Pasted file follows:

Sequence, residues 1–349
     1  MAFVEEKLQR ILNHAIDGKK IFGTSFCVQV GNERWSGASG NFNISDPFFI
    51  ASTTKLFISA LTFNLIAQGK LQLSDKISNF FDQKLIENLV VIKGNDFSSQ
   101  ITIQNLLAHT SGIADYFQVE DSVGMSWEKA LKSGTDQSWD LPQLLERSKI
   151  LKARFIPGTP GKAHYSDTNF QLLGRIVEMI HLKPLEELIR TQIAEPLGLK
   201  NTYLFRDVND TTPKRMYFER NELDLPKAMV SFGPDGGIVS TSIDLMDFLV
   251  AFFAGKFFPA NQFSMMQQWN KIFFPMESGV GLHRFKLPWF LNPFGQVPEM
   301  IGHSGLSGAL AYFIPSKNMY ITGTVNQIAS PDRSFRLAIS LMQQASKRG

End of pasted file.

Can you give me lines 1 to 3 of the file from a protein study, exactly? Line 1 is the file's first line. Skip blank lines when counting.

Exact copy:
Sequence, residues 1–349
     1  MAFVEEKLQR ILNHAIDGKK IFGTSFCVQV GNERWSGASG NFNISDPFFI
    51  ASTTKLFISA LTFNLIAQGK LQLSDKISNF FDQKLIENLV VIKGNDFSSQ